|Total Amino Acids content (µg/ml)||-||0.1171||0.1161||0.0048|
FIG. 1: STORAGE OF ARISHTAM SAMPLE
Table 3 shows that there is a drastic decrease in the sugar percentage from day 1-9 indicating the sugar intake for cell growth and metabolism during the lag and log phase. From day 10 -21 the sugar intake was relatively less showing the microbes had entered into the late log and stationary phase of their growth.
TABLE 3: PERCENTAGE OF SUGAR CONSUMPTION
|Days||Sugar content (%)||Percentage of Sugar Decreased|
|Day 9||58.30||43.20 %|
|Day 14||50.11||51.38 %|
|Day 21||41.70||59.80 %|
TABLE 4: PHYSICOCHEMICAL CHANGES DURING THE FERMENTATION OF ARISHTAM
|Brix||Total Free amino acids (µg/mL)||Alcohol
The pH range decreases during the period of fermentation from Day 1 to day 14 and the pH gradually increases later. Fermentation of glucose results in the abundant production of acidic end products, the presence of which can be detected by the pH indicator in the medium. The pH values recorded in the present study reflect the presence of weak acids in the fermenting medium and the pH range of 4-5.5 observed in the present study is indicative of the existence of carbonic acid. Although the presence of carbonic acid depends on the partial pressure of the gaseous carbon dioxide, its pH value is usually 5.7. Hence, it would be appropriate to estimate the levels of CO2 generated and the levels of carbonic anhydrase in the medium to ascertain the fact that carbonic acid is present Table 4 and Fig. 2.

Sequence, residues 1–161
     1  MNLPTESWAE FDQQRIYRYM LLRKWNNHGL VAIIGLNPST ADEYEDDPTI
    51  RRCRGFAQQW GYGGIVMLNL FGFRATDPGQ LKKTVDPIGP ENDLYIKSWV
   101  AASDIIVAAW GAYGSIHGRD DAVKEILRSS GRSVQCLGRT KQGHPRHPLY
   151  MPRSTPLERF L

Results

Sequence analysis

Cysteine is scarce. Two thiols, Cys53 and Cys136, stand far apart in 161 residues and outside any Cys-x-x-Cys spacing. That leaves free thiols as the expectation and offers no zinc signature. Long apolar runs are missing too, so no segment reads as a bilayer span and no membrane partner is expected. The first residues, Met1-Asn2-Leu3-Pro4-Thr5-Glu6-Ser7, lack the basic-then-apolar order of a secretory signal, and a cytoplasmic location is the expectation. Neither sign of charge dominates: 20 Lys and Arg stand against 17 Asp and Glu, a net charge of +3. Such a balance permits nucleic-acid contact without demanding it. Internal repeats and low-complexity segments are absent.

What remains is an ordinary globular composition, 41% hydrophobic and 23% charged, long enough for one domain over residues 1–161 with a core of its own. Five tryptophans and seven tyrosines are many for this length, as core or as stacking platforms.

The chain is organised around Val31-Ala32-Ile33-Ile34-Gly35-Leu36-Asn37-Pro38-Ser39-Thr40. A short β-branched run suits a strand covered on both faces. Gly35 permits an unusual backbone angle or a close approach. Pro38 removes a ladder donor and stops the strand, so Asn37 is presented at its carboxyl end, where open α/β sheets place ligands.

The Temperature increases and decreases randomly within the range of 25 ºC to 29 ºC indicating that the biochemical changes and the microbial flora are highly dynamic and heat is generated during the process of fermentation as shown in Fig. 3.
The specific gravity decreases during the period of fermentation from Day 1 to Day 14, and the specific gravity gradually increases after the addition of sodium benzoate. Specific gravity decrease is suggestive of the reduction in density of the fermenting medium Fig. 4.
Total sugar content gradually decreases throughout fermentation. Fermentation decreased some of the nitrogenous constituents of the product and much more drastically the sugar content Fig. 5. This is evident from the decrease in sugar content and brix content throughout the study period. It could be inferred that hydrolysis and other metabolic changes freed the nutrients from their bound forms while decreasing the quantity, but increasing the quality and availability of the nutrients.
The total dissolved solids content decreases till Day 14 after which it was maintained at a constant rate till the end of the experiment. The results suggest that during the fermentation process there is the conversion of complex solid entities into liquid and gaseous forms which is also evident from the changes in pH of the medium indicating generation of weaker acids and evolution of alcohol as shown in Fig. 6.
Although there was a drastic reduction in the sugar content throughout the study period more importantly 60% reduction by the end, there was not a drastic decrease in the total dissolved solids content, indicating that the larger biomolecules are broken down into smaller entities and hence the dissolved solid contents levels are maintained as shown in Fig. 7.
The free amino acid randomly increases and decreases during the period of fermentation from day 1 to day 14, and there is a gradual decrease in the free amino acid after the addition of sodium benzoate. During fermentation, yeasts assimilate between 1 and 2 g/L of amino acids Fig. 8. Towards the end of fermentation, yeasts excrete significant but variable amounts of different amino acids. Finally, at the end of alcoholic fermentation, a few hundred mg/L of amino acids remain; proline generally represents 28. In the present study, there is an increase in free amino acid content during the middle of the fermentation process (day1- day14). Individual amino acid profiles have to be established to understand the nature of free amino acids generated and their influence in affecting the texture and flavor of the end product.